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Antioxidants for clinical use

Free radicals are molecules, which lack an electron in their chemical structure, which they constantly try to replace. The free radicals try to get electrons from the body, which causes “oxidative stress,” which in turn results in damage to the body’s cells and tissues. Antioxidants provide the extra electrons to the free radicals and prevent them from causing damage to the body’s cells and tissues. Since world war II the free radicals biochemistry came into vogue. Free radicals have been implicated in the etiology of several human diseases as well as ageing [1, 2].

Halliwell & Gutteridge (1989) [3] state that an antioxidant is “any substance that, when present at low concentrations compared with that of an oxidizable substrate, significantly delays or inhibits oxidation of that substrate”. This definition includes reactions of a non-enzymatic as well as an enzymatic nature. There are many protective antioxidant mechanisms like- superoxide dismutase, catalase, glutathione, glutathione peroxidase, reductase and non-enzymatic antioxidants like carotenoids, flavonoids, trace elements like zinc,selenium, probucol, vitamins like vitamin E and vitamin C (ascorbic acid), which are available in nature. Fruits, vegetables, minerals, tea and nuts are good source of anti-oxidants.

Free radicals by lipid peroxidation adversely affect lipids, proteins and DNA. Free radical can damage the proteins, which results in the loss of enzyme activity. Damage caused to DNA, can result in mutagenesis and carcinogenesis [4].Antioxidants like phenols,flavonoids, isoflavones, isothiocyanates, diterpenes, methylxanthines, dithiols, and coumarins appear to be important in cancer prevention [5].

The epidemiological studies showed that higher intake of foods with antioxidant can prevent and control certain diseases in humans. Many natural products and Indian spices and ayurvedic products are known to possess antioxidant activity. Many epidemiological studies have shown association between consumption of vitamins and anti oxidants and reduction in cardiovascular diseases and its morbidity and mortality. These are mostly observational studies.

An article by Shital S Panchal on Anti-diabetic activity of oryzanol and its relationship with the anti-oxidant property, in this issue [6] showed that oryzanol (OZ), a commercially-important bioactive phytochemical isolated from crude rice bran oil (cRBO), possesses the potential to effectively ameliorate the oxidative stress in diabetic rats. Translating the knowledge and experiments from bench to bedside is not an easy task.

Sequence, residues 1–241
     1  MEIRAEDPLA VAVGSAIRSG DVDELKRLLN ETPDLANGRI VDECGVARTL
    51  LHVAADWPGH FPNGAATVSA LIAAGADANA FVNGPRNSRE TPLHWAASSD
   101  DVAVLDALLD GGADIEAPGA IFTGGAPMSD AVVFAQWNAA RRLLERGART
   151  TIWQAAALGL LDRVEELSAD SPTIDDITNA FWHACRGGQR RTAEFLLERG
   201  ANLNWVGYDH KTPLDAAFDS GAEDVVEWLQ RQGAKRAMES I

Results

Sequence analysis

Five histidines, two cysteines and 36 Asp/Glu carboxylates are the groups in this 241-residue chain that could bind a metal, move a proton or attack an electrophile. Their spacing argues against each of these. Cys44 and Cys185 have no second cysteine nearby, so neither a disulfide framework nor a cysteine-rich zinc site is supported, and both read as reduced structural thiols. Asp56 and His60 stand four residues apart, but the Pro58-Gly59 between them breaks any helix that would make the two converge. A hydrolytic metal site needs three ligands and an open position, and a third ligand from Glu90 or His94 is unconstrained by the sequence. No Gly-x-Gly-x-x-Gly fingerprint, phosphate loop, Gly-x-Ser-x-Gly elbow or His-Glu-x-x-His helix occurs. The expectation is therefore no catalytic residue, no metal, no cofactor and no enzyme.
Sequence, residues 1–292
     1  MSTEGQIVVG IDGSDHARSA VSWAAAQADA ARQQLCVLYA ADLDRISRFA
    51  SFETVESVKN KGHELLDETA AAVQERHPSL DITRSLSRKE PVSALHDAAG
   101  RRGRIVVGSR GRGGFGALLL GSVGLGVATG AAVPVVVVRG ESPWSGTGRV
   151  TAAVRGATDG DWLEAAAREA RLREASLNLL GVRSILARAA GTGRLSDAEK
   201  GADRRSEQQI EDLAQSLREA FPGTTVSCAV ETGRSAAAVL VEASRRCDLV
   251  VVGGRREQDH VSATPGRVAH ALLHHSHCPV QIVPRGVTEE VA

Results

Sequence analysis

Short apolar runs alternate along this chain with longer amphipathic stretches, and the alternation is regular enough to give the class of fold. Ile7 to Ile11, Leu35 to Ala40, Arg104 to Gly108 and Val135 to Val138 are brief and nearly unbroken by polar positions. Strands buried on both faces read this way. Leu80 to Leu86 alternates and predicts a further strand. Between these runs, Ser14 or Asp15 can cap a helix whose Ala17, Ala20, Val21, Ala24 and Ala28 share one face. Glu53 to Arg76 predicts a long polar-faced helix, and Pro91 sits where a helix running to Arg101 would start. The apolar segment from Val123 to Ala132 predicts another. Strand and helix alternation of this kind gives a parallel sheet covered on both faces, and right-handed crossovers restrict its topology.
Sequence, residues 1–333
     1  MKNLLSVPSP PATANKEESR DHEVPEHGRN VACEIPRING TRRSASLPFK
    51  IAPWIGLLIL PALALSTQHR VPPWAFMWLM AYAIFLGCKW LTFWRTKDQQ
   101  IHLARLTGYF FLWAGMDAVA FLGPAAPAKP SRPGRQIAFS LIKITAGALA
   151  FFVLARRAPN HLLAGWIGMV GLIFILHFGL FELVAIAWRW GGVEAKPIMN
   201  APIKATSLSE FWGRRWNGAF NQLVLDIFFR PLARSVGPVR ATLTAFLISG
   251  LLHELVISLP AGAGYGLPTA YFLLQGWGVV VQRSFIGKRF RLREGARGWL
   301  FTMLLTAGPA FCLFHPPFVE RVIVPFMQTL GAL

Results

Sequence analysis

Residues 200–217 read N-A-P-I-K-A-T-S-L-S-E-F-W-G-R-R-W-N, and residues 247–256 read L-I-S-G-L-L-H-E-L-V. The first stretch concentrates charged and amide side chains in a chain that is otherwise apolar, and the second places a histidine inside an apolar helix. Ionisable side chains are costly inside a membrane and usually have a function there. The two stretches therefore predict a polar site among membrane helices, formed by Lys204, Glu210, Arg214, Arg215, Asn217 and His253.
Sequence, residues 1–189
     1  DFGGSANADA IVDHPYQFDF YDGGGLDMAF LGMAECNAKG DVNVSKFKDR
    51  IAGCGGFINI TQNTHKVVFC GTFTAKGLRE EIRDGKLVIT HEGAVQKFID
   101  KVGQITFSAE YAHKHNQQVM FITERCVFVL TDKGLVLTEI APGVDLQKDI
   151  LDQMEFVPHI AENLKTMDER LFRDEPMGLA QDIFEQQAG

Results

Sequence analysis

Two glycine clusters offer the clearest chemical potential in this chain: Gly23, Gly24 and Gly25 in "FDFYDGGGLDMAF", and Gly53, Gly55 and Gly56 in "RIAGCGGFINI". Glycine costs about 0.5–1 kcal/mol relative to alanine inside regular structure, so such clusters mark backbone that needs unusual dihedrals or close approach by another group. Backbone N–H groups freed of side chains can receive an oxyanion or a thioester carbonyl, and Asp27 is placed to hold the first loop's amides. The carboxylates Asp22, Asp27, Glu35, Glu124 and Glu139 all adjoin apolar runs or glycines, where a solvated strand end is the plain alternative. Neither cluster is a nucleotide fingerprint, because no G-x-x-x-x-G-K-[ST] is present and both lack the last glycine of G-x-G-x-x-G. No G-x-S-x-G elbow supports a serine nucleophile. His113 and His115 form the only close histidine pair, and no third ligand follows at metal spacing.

There are many publications on the role of antioxidants and their efficacy in preventing or curing metabolic disorders like diabetes mellitus,inflammatory diseases like periodontitis, aging diseases like ischaemic heart diseases, cancer and degenerative diseases like Alzeimers disease, Parkinsonism. There are very few RCT’s in human beings to prove the efficacy of antioxidants in prevention, control or cure of chronic diseases. One of the clinical studies with probucol an antioxidant, in 317 patients showed probucol, is effective in reducing the rate of restenosis after balloon coronary angioplasty [7].

A literature search of pubmed by Saeid Golbidi,et al. [8] for effect of antioxidants like vitamin E, vitamin C, CoQ10, alpha lipoic acid, L-carnitine, ruboxistaurin or LY 333531 in diabetes mellitus, revealed that routine vitamin or mineral supplementation is not generally recommended in human diabetes.

Tocopherol and Coenzyme Q10 have been tried in prevention and treatment of Parkinson’s disease with limited success. A review of antioxidants in Parkinson’s disease [9] concluded that antioxidants have limited role in the prevention and treatment. They are also of the opinion that CoQ10 has some minor benefits in Parkinson disease.

Though there is plenty of literature on the role of antioxidants in etiopathogenesis of disease in human beings, is the evidence enough to use antioxidants in clinical practice to prevent,control and “cure” diseases and reduce the mortality and morbidity? Another issue is dose of antioxidants and use of combination therapy. Translating the dose of antioxidants to human trials is not an easy issue. Each study has used different doses of antioxidant. Is there a dose-effect relationship between the dose of antioxidant for prevent, control and cure of disease? Does one size fit all? Is the combination of two or more anti oxidants better than the summed benefits of each antioxidant. There is no simple answer for these questions in evidence based medicine. We need to wait for larger and longer studies in human beings on the effect of antioxidants in preventing disease, promoting health and reducing morbidity and mortality of acute and chronic illnesses.

Future research like gene therapy to enhance production of antioxidants in the human body, genetically engineered plant products with higher concentrations of antioxidants, synthetic antioxidant enzymes or non enzymatic chemical molecules,newer peptides with antioxidant properties developed by recombinant DNA technology and computational chemistry and functional foods enriched with antioxidants will replace the present anti-oxidant remedies.

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Correspondence to K. M. Prasanna Kumar.

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Kumar, K.M.P. Antioxidants for clinical use. Int J Diabetes Dev Ctries 32, 183–184 (2012). https://doi.org/10.1007/s13410-012-0095-x

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